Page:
Opportunities for Community Colleges to Expand Apprenticeships


New Report Details Opportunities for Community Colleges to Expand Apprenticeships Community colleges are leaders in offering work-based learning opportunities.
Colleges can serve more students by expanding apprenticeship programs to emerging industries and focusing on diversity.

The Association of Community College Trustees (ACCT), with support from Strada Education Network, today released an issue brief that offers community colleges strategies to expand apprenticeship programs.
“Community colleges have long been leaders in offering work-based learning opportunities and supporting students’ efforts to achieve their academic and career goals,” said ACCT President and CEO J. Noah Brown. “Moving forward, college leaders must look for opportunities to expand apprenticeship programs to new industries and develop outreach for their diverse student populations.”
The report highlights three key strategies for community colleges to expand their apprenticeship programs:
Increase apprenticeship programs in growing industries, such as health care and information technology;
Focus on increasing the diversity of participating students by recruiting more women and students of color; and
Tailor apprenticeship opportunities for students at different stages in their careers, ranging from young adults first entering the job market to experienced professionals looking to upskill or change careers.
Apprenticeships are a growing strategy in the U.S. to empower people with an accredited postsecondary credential while simultaneously gaining practical career experience. According the U.S. Department of Labor, federally registered apprenticeships grew by over 40% from 2013 to 2017. Despite recent growth, most apprenticeship opportunities remain concentrated in a limited number of industries—particularly in the building trades—and women and students of color are underrepresented in these programs. Furthermore, limited federal and state funding devoted to apprenticeships restricts community colleges from offering new programs and limited financial aid options create a barrier for students to participate in existing ones.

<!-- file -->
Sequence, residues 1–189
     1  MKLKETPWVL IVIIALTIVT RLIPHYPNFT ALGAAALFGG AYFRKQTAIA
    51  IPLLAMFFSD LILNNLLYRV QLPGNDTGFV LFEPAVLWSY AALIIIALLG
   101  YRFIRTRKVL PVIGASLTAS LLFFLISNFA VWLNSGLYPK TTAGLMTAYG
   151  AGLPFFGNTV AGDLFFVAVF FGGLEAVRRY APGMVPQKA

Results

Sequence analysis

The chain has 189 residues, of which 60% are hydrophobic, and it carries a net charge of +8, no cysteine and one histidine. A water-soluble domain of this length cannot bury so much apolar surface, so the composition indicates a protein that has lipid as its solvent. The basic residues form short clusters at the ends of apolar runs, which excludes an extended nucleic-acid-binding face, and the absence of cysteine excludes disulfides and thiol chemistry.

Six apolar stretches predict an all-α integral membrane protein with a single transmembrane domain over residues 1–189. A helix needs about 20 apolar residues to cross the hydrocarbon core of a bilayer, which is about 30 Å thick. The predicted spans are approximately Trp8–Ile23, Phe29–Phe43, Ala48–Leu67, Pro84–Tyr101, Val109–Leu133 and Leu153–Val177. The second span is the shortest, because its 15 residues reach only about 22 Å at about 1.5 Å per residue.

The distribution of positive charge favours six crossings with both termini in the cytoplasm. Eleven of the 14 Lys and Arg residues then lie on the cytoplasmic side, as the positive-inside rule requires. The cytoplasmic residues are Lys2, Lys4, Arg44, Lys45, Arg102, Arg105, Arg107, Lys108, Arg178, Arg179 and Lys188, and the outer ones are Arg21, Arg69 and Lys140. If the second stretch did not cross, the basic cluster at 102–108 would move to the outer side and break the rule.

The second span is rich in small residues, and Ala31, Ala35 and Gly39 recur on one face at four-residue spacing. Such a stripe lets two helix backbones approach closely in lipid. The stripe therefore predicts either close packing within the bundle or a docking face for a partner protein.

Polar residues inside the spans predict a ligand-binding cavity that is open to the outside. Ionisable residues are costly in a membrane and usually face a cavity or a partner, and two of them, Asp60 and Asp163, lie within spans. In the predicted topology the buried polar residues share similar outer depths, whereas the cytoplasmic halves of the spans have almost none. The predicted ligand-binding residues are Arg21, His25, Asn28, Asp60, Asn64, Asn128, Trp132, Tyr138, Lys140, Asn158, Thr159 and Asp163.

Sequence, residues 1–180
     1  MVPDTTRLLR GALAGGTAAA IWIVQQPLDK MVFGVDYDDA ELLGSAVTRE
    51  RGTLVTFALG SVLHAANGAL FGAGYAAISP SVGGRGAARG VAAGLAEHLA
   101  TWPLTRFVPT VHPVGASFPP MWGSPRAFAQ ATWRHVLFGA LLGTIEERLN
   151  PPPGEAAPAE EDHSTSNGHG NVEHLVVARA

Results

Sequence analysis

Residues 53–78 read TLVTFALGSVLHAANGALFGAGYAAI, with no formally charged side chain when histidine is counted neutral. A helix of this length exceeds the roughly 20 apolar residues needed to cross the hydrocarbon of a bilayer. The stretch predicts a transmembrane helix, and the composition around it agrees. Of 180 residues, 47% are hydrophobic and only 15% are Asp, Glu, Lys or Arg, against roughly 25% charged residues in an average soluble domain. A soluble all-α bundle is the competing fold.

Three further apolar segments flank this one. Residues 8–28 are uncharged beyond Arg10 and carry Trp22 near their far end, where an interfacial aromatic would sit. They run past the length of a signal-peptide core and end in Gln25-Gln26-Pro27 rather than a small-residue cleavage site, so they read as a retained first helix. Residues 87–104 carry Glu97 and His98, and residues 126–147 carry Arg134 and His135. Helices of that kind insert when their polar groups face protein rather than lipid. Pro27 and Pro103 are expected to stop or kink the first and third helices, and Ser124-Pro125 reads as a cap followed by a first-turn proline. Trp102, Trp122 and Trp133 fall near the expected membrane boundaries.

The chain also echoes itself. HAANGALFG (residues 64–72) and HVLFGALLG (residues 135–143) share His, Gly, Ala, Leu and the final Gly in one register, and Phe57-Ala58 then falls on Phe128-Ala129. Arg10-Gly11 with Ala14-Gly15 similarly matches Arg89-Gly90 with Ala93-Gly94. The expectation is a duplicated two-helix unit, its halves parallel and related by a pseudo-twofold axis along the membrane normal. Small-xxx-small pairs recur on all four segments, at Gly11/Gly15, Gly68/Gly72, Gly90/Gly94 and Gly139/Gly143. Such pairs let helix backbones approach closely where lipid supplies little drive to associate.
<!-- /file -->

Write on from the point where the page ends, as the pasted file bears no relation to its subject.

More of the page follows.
“Through the Strada-Gallup Education Consumer Survey, students of all ages are telling us that their primary goal in seeking postsecondary education is to improve their employment opportunities. Community colleges are well-positioned to offer apprenticeships as an avenue to support students’ success in their careers and to help employers build a strong talent pipeline for the future,” said Carol D’Amico, Executive Vice President for National Engagement and Philanthropy at Strada Education Network.

The report also provides recommendations for policy makers, including increasing federal and state funding for apprenticeship programs and expanding students’ financial aid options.

“ACCT is committed to doing this work on individual campuses and working closely with policy makers to ensure community colleges have the resources necessary to offer these vital programs and students have the financial aid they need to participate,” Brown said.